Hebl said he understands why schools nixed the program. At one time the state reimbursed districts for the programs, but that money dried up.
He also said today’s students are different than previous generations. He said teens are busier than ever before. Whether it’s because of resume building, college or workforce preparation or just desire, students constantly are on the go for classes, clubs, sports, volunteering, work or other extra-curricular activities, he said. Time demands during the school year drives a lot of students into his program during the summer months, which had become very busy for his business.
You have free articles remaining.
Hebl continued to teach into his 70s because he enjoyed the job. He said he always had customers, especially as more schools quit offering driver’s education.
“It’s been a good business,” he said. “It’s been a good life.”
Students should expect to pay something out of pocket for driver’s education classes, regardless of where it is offered.
Most schools charge an additional fee for the course. Reedsburg’s class costs $325. Wisconsin Dells charges a couple hundred, Slack said.
“We’re not trying to make a profit,” Slack said. “We are just trying to break even.”
Costs vary depending on where students attend and how much instruction they need. RyO’s offers packages with classroom instruction and different amounts of behind-the-wheel training and observation. Rabine said she offers a monetary award if a student receives a perfect score on the driving exam.
Students also may qualify for discounts. AAA offers driver’s education in the state and gives a break to its members, said Nick Jarmusz, director of Public Affairs for AAA-Wisconsin. That program, without the discount, costs $380.
Jarmusz advises parents to look at more than price when choosing a driving school. He recommends visiting several schools and possibly sitting in on part of a class. Effective courses need to be comprehensive.
Modern technology is both a bonus and a hindrance for budding motorists. Pottinger said texting and driving is the new drunken driving. Alcohol used to be one of the deadliest substances for teen drivers and was a hot topic in driver’s ed classrooms. Today, it’s cell phones.
Bells and whistles aren’t much help, either. More modern vehicles have GPS and touch-screen capabilities as well as blind-spot mirrors and backup cameras. Pottinger doesn’t want his students to rely on devices because they can fail. Students need to learn how to look over their shoulders and use their senses to stay safe, he said.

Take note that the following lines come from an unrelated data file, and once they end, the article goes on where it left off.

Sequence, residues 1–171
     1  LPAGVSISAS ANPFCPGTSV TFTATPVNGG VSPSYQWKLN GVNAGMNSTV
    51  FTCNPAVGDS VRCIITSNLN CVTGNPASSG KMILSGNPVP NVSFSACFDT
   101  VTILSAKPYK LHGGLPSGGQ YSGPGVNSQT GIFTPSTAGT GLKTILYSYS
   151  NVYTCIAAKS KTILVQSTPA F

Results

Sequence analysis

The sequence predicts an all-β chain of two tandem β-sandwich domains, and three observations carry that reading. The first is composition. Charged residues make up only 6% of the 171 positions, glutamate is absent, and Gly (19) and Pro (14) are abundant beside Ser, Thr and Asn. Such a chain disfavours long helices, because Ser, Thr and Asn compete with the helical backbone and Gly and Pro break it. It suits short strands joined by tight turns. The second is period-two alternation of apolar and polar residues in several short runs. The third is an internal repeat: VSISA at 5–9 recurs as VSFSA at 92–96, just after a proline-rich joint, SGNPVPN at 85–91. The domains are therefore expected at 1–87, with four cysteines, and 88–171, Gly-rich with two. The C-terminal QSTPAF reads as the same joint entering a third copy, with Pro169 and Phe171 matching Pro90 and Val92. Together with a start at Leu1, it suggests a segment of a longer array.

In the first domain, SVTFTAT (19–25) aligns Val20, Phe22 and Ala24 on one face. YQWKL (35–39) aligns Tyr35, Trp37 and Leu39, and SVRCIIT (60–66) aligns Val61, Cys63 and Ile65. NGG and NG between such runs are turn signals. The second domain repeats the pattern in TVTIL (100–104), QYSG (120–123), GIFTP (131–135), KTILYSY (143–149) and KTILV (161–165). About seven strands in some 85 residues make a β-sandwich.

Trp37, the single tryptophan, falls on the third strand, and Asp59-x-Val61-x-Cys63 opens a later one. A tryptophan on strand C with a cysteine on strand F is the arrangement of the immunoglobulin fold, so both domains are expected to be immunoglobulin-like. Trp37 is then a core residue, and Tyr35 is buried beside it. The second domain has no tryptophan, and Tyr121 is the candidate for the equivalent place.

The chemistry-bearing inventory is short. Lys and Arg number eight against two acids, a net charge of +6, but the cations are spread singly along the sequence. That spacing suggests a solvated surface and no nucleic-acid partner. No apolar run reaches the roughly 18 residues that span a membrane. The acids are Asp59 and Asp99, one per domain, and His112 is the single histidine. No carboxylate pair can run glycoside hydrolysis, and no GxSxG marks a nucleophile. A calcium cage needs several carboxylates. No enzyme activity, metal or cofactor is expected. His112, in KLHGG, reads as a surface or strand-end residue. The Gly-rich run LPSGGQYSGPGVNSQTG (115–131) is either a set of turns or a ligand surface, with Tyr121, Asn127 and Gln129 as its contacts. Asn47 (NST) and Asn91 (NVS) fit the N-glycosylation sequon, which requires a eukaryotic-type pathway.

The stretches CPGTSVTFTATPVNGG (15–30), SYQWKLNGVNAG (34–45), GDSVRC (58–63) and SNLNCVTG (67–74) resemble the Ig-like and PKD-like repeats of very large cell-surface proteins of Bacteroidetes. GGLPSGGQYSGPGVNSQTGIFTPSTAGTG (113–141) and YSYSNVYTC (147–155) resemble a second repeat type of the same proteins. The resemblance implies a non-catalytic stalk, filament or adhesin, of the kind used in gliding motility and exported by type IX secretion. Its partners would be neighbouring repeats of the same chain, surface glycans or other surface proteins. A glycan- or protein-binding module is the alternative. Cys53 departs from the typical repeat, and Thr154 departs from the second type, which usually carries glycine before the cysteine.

He said Reedsburg students first practice on simulators, but the real world is a better teacher.
“There’s not that much that can take the place of getting out there behind the wheel,” he said.
Rabine said she doesn’t let her students rely on technology. She also doesn’t use simulators at her business. She said the experience of simulators doesn’t resemble real-life scenarios closely enough. She pointed to incidents like deer crossing the road at night, children suddenly darting out into traffic or rapid changes in weather.
There was a time when 15-year-olds couldn’t wait to turn 16 just so they could get their license. That milestone appears to have lost some of its luster.
Pottinger said enrollment has decreased since he started teaching. The cost of the programs has risen and teens are more aware of the dangers associated with driving. Some youth may see the big city in their future and plan to rely on public transportation.
Rabine said she has noticed a great deal of fear surrounding driving among students, and it’s not unusual for a parent to push their teenager to attend driving classes. She said her goal is to empower students by teaching them defensive driving. There are hazards on the road but a defensive driver can be prepared to address them.
If a prospective student has extreme anxiety about driving, it may be better to wait before turning the key, she said.
“Driving is a privilege, not a rite of passage,” she said.
Despite concerns about driving, some Reedsburg teens are willing to accept the risks.
Driver’s education student Isaac Bergman said he wants to learn to drive in case he needs transportation in the future for school or work.
Classmate Arianna Gilman said a driver’s license will mean less asking for rides.
The students acknowledged that they are nervous to get behind the wheel, mostly due to the dangers caused by people who text and drive or operate under the influence.
Judd said he’s nervous about what other motorists can do on the road as well as how his driving can affect others.
It’s also a little nerve-wracking being a new driver. Bergman said he’s trying to focus on doing everything right.
“I don’t want to mess up and cause a crash,” he said.
Learning defensive driving has helped build their confidence, Denman said.
Gilman added that the positives of driving are worth facing the negatives.
“I will have my freedom but I will also have that responsibility and I’m willing to have that on my shoulders,” she said.
Follow Heather Stanek on Twitter @HStanek1.